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View Full Version : p3 1ghz to dual p3 1 ghz - is it really worth it?



tomerggg
05-05-2003, 11:30 AM
hi people,

i am working with a p3 1ghz processor on ASUS cusl2-c motherboard with 192 mb sdram...
now, i have a one time chance to buy used dual p3 1ghz motherboard and processors with 512 sdram...
i am working with windows XP pro...
will it affect my computer preformance dramaticly or only by reduced rendering time? does modeler will be affected from that? how about windows xp preformance? do i need do download patches for lightwave to support dual pro' ?

plz tell me any furthor information about dual system...

thanks,
Tomer

mattclary
05-05-2003, 11:34 AM
It will render faster than a single CPU. The real question is, "Is it worth the money"? If it's a good deal, take it. Doubt it will render much faster than a single 2ghz cpu, so use that as a comparison. Certainly don't pay more than you would for a P4 2.4 mobo and processor.

Check out http://www.bomis.com for benchmarks for an accurate comparison.

Elmar Moelzer
05-05-2003, 05:15 PM
Go for a P4 instead!
LW is well optimized for P4s SSE2
P4 2.0 Ghz here is more than 30% faster than my dual P3 1 Ghz in most scenes. In some I have seen improvement by even up to 50% and that with only 512 MB DDR in the P4 versus 1GB in the Dual P3.
CU
Elmar

tomerggg
05-05-2003, 06:30 PM
but upgrading to p4 will reduce the overall preformance!! that might seem crazy, but from my experiences with p4 systems, p4 might be faster in lightwave renders and stuff - but it definetly "slower" in most commonly used operations (windows, games, handling number of programs at a time....)....
i will be very happy to here your opinions about that....

Tomer

Elmar Moelzer
05-06-2003, 12:37 AM
Hello Tomer
Most commonly used applications are not multithreaded so they will make little use your second CPU. Trust me, I have had quite a few Dual- systems in the past.
CU
Elmar

testu_nagouchi
05-12-2003, 09:55 AM
I've got a dual PIII 1ghz system and I wouldn't trade it for anything. Dual systems are GREAT. the greatest thing in the world is being able to work in photoshop, whatever, while rendering. (i just change the "affinity" of ligthwave from both CPU's to one temporarily.).

Once you go dual you won't want to go back.
:D

mattclary
05-12-2003, 10:02 AM
Man, I am SUCH a BONEHEAD!!!

I meant, http://www.blanos.com

Man, what a dumba**.... :rolleyes:

phyc249
05-12-2003, 07:57 PM
what about the latest celerons 2.4 GHz.

is it worth paying twice the price for a P4?

mattclary
05-13-2003, 07:49 AM
Stay away from a Celeron, you'e better off buying a cheaper P4.

Lynx3d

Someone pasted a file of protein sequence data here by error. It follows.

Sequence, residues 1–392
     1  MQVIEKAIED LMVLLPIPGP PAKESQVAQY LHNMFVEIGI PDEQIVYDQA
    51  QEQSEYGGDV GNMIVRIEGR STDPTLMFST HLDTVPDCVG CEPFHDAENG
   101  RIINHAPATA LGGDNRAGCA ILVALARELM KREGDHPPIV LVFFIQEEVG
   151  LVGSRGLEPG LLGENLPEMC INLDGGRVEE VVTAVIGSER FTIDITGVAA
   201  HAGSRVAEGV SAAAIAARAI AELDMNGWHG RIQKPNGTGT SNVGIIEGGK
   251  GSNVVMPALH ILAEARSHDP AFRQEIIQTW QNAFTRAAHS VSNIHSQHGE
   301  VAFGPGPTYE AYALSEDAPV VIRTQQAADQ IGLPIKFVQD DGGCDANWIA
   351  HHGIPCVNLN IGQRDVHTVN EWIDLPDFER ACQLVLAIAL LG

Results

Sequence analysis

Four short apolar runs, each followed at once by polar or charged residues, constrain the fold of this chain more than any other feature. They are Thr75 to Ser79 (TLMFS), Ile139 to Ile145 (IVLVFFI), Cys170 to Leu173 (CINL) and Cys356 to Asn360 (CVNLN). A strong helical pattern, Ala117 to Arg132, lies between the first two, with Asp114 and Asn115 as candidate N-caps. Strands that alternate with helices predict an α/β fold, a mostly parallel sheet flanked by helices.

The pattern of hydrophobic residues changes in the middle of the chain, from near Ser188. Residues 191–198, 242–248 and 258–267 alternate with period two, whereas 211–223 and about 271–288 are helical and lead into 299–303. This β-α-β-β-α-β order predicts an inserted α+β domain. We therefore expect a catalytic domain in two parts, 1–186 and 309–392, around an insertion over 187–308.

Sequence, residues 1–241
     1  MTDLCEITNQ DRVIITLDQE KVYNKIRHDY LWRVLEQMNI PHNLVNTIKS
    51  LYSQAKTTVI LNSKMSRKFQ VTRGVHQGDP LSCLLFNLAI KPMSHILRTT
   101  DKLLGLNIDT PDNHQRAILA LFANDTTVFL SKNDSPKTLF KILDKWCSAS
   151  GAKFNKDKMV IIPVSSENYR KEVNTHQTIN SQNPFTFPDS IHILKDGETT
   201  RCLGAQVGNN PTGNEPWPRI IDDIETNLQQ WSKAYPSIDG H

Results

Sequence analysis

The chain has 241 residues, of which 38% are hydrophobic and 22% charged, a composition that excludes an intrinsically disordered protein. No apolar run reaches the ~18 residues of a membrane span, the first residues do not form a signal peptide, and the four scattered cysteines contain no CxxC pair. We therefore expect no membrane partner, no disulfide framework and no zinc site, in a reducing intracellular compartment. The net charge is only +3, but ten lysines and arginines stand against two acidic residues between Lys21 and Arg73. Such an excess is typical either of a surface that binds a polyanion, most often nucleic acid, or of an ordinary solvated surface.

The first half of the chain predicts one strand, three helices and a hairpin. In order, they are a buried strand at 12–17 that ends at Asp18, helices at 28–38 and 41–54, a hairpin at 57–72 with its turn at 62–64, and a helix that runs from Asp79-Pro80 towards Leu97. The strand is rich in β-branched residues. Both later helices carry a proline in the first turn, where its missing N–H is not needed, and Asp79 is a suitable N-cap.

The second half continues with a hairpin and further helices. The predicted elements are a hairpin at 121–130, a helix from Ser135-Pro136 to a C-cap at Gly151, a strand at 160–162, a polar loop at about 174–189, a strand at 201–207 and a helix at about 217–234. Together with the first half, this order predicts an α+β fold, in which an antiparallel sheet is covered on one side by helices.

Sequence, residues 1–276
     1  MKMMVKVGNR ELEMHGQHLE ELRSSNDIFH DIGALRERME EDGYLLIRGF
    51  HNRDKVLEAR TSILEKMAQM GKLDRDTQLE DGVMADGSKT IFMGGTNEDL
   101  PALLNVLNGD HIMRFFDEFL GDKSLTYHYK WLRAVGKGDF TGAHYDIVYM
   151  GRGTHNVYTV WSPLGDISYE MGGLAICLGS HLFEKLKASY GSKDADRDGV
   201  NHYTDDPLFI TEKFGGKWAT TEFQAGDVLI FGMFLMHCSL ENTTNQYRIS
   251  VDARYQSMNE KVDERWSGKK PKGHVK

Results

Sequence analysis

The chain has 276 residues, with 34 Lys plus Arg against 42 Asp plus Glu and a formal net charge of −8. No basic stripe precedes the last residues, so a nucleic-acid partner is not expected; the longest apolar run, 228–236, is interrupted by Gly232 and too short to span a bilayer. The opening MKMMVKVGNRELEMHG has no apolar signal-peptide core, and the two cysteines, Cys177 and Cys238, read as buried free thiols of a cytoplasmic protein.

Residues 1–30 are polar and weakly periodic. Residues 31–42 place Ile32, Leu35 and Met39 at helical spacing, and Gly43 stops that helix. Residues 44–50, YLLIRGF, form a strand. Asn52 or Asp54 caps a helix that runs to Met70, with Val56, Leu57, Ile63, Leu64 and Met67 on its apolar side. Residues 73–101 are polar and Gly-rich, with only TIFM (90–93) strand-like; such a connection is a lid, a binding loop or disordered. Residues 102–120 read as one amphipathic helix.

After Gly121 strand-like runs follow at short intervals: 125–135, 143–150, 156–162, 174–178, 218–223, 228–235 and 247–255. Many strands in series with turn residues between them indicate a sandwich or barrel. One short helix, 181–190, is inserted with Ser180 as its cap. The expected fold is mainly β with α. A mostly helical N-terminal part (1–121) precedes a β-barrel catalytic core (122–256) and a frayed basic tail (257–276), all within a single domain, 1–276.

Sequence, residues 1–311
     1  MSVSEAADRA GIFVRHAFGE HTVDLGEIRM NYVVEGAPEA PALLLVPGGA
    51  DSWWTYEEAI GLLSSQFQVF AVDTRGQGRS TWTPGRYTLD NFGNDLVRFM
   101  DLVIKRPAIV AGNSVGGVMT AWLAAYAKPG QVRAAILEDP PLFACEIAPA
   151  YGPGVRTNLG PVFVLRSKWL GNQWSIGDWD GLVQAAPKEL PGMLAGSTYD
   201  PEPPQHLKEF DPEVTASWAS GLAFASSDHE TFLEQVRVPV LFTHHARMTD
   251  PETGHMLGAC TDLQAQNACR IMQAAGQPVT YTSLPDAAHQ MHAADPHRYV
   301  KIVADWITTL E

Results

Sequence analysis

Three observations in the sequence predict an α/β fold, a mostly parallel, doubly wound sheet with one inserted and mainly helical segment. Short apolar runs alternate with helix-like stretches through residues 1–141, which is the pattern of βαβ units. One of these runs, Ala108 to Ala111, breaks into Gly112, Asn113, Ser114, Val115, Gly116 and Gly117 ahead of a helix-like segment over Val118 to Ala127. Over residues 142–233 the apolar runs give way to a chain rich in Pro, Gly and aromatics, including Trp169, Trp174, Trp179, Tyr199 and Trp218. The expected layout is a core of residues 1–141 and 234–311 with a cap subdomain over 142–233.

05-14-2003, 01:07 PM
Yea definitely no (P4 based) Celeron

I'd go with a single P4 too btw, however, as renderslave a Dual P3 is pretty nice...

I understand the argument that you can continue working when only rendering with one CPU etc, BUT, a >2GHz P4 (or Athlon with comparable rating) will definitely handle larger polycounts in viewports etc much better than the dual P3.
I'm using a dual Athlon 1800+ currently, but the first weeks worked with one CPU (cuz one was dead on arrival...*grr*) and it really doesn't make a noticeable difference for modeling/animating.

Most other programs aren't really good multithreaded either, like Photoshop or other rendering tools (often even plugins) you may use.

tomerggg
05-15-2003, 10:36 AM
finnaly i got the answer... dual processors system is good only for rendering...
i spoke with few traders and chose this sytem:
Intel Pentium 4 2.4GB 533Mhz >>> $165
256MB 333MHZ Micron >>> $57
i haven't decided on motherboard yet....
in money to preformance ratio, is it worth it?

thanks,
Tomer

phyc249
05-17-2003, 05:34 AM
tomerggg

I am looking at virtually the same system and as far as motherboards I am leaning toward the Abit IC7. I have been reading some really good reviews on it.

I am definately looking at the Intel 875P chipset. it allows duel chanel DDR ram built in raid and lots of other goodies.

the Abit board is the most reasonably priced board I have found with this chipset.

good luck.

mattclary
05-19-2003, 09:24 AM
phyc249, can you post a link to reviews of that board? Been eyeballing it myself, but haven't found any reviews yet. Thanks!

Lynx3d
05-19-2003, 09:48 AM
Ever heard of Google? ;)
like
http://www.extremeoverclocking.com/reviews/motherboards/ABIT_IC7-G_1.html
and
http://www.hardocp.com/article.html?art=NDY5

Seems to be a great board

Anandtech liked the MSI 875P Neo-FIS2R very much:
http://www.anandtech.com/mb/showdoc.html?i=1820

mattclary
05-19-2003, 11:06 AM
Dude, I LIVE on Google, just hadn't gotten that far yet. ;) Anandtech is the first place I stop for these things...

VWTornado
05-19-2003, 02:59 PM